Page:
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Influence of Chronotype on Motor Behavior in Healthy Individuals: Analyses of Manual Dexterity in Different Times of the Day

Nathálya Gardênia de Holanda Marinho Nogueira, Bárbara de Paula Ferreira, Fernanda Veruska Narciso, Juliana Otoni Parma, Sara Edith Souza de Assis Leão, Guilherme Menezes Lage, and Lidiane Aparecida Fernandes

This study investigated the influence of chronotype on motor behavior in a manual dexterity task performed at different times of the day. Sixteen healthy adults of each chronotype (morning, evening, and neither), as measured by the Morningness–Eveningness Questionnaire, practiced both conditions of the Grooved Pegboard Test either in the morning or in the afternoon to early evening. The “neither” chronotype (65.12 ± 7.46) was outperformed (ps ≤ .03) by both the morning (56.09 ± 7.21) and evening (58.94 ± 7.53) chronotypes when the task had higher cognitive and motor demand but was not outperformed in the task with lower demand (morning = 18.46 ± 2.11; evening = 19.34 ± 2.79; neither = 21.47 ± 2.54; p > .05). No difference between the morning and evening chronotypes was found at the different times of the day (ps > .05), suggesting that a manual dexterity task is not sufficiently demanding to be influenced by chronotype.

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Differential Effects of Perturbation Magnitude on Reactive Balance Control in Young Sedentary Adults

Erika Zemková, Alena Cepková, and José M. Muyor

This study investigates postural responses to unexpected perturbations induced by a load release of different weights. Groups of 26 men (age 22.6 ± 2.4 years, height 178.0 ± 9.1 cm, and body mass 86.9 ± 11.5 kg) and 21 women (age 21.9 ± 2.7 years, height 168.8 ± 6.8 cm, and body mass 65.3 ± 8.7 kg) underwent load-triggered postural perturbations by 1 and 2 kg while standing on a force plate with either eyes open or eyes closed. Postural perturbations induced by a heavier load, representing about 2% and 3% of body weight in men and women, respectively, led to significantly higher peak anterior and peak posterior center of pressure displacements when compared with a lighter load (29.6% and 45.4%, respectively) both with eyes open (36.9%) and closed (42.1%). Their values were significantly lower in men than women only when a higher load was used (∼25%). However, there were no significant differences in time to peak anterior and posterior center of pressure displacements. These findings indicate that heavier load-induced postural perturbations are greater in women than men regardless of visual conditions. This underlines the importance of loading dose in the magnitude of postural responses to externally induced perturbations.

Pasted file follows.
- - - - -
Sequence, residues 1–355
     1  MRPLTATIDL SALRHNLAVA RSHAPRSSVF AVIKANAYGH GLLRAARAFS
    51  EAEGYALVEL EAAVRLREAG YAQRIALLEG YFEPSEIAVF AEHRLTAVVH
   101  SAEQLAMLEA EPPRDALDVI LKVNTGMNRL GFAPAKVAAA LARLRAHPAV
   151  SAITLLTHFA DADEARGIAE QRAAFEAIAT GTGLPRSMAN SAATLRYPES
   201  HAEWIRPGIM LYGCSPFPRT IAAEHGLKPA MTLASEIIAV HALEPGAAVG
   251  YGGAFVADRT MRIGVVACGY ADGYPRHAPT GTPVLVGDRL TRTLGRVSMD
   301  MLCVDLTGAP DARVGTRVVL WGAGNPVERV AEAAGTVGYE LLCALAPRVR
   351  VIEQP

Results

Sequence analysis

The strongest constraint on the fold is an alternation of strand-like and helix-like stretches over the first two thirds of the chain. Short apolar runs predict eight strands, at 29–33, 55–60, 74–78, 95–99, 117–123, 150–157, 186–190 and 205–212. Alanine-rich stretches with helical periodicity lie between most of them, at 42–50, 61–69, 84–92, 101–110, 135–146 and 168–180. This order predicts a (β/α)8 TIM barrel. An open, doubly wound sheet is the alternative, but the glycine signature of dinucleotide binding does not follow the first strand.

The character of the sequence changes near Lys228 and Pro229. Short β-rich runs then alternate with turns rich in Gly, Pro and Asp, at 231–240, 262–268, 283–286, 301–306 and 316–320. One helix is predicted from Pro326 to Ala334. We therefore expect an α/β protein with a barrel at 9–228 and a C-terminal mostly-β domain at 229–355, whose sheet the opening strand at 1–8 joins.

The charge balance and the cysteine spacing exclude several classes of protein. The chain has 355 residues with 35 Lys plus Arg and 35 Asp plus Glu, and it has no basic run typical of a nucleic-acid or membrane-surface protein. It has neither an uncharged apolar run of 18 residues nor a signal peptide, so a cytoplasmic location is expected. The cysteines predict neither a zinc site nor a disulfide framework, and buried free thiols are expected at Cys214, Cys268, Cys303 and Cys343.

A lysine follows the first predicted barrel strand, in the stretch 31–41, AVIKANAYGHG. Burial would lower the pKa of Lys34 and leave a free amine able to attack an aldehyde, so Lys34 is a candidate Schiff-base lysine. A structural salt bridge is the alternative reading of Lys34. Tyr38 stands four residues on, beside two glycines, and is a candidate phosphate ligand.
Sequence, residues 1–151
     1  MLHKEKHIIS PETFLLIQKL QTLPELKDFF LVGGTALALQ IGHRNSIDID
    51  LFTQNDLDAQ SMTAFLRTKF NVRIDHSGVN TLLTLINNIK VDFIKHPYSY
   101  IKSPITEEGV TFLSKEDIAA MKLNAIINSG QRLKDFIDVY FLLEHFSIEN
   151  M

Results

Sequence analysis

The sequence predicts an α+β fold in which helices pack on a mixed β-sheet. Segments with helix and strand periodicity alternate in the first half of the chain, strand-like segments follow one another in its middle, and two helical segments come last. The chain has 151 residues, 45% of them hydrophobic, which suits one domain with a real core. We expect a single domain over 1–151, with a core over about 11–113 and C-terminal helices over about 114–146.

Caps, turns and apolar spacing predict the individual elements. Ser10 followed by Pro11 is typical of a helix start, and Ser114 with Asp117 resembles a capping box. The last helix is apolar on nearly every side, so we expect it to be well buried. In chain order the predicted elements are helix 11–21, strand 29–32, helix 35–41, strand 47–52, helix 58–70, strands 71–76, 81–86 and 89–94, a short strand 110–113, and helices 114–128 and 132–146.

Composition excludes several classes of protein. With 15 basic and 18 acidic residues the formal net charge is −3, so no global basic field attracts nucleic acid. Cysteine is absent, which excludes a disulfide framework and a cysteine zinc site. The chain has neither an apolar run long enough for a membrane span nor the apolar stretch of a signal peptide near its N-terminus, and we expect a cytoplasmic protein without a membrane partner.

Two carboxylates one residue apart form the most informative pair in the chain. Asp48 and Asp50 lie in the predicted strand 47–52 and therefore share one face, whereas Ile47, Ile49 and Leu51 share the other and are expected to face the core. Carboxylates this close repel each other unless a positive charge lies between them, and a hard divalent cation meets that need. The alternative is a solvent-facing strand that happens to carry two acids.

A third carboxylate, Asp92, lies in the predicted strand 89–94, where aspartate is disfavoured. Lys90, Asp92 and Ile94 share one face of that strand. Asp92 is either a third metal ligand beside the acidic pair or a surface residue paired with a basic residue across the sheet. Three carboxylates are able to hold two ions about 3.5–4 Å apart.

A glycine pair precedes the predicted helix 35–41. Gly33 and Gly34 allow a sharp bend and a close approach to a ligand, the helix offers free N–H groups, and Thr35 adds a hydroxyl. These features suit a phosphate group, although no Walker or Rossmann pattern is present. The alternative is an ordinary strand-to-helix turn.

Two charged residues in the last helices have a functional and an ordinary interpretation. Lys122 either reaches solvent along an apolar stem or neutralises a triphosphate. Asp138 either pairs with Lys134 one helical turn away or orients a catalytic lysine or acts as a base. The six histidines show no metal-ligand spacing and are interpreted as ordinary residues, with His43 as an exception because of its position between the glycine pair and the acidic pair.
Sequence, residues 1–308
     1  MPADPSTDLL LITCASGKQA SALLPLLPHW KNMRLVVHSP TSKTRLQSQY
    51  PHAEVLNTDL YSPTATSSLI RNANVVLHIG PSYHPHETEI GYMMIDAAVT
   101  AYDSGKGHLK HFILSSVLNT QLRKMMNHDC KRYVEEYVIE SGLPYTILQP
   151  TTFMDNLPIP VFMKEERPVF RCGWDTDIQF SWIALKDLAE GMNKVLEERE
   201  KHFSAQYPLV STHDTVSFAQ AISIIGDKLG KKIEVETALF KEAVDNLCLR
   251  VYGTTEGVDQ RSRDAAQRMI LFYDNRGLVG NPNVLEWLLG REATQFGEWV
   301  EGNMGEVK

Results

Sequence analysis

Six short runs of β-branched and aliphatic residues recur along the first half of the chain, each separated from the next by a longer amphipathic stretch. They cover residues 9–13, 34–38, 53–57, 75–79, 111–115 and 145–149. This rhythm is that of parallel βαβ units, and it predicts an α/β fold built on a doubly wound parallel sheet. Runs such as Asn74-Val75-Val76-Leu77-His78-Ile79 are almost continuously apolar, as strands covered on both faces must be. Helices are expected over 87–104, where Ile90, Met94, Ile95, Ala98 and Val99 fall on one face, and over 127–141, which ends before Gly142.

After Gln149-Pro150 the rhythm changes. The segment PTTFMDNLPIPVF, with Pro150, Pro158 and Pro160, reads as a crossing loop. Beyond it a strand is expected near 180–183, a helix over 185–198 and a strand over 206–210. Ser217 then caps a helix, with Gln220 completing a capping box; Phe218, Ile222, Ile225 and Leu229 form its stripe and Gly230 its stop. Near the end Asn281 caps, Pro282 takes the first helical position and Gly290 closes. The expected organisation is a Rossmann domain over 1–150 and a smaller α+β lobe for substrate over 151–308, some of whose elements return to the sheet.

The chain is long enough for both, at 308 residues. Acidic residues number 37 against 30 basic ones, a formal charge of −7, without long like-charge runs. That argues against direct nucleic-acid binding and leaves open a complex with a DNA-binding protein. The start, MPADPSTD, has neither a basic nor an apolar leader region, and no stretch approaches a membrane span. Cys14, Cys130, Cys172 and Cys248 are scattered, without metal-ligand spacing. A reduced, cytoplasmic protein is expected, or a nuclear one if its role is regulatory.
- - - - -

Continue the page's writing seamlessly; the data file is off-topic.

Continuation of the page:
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Individuals With Intellectual Disabilities Rely on Somatosensory Information Rather Than Visual Information to Catch a Ball

W. Tolentino-Castro, L. Mochizuki, and H. Wagner

According to the literature, persons with intellectual disabilities have poor motor control in tasks in which motor anticipation is needed. Our study aimed to assess their motor behavior during interceptive tasks (a tennis ball interception with external-and-oneself throw conditions). A stick-bar was used as a reference or to support cloth to occlude a ball’s trajectory. Catch performance and interceptive behavior were analyzed (26 persons). The results show that high/low values of the initial approaching movement led to successful/successful catches, respectively. Our results are in line with the literature about the impact of poor motor control on performance in those with intellectual disabilities. We suggest that low anticipation may relate to problems in real-life situations.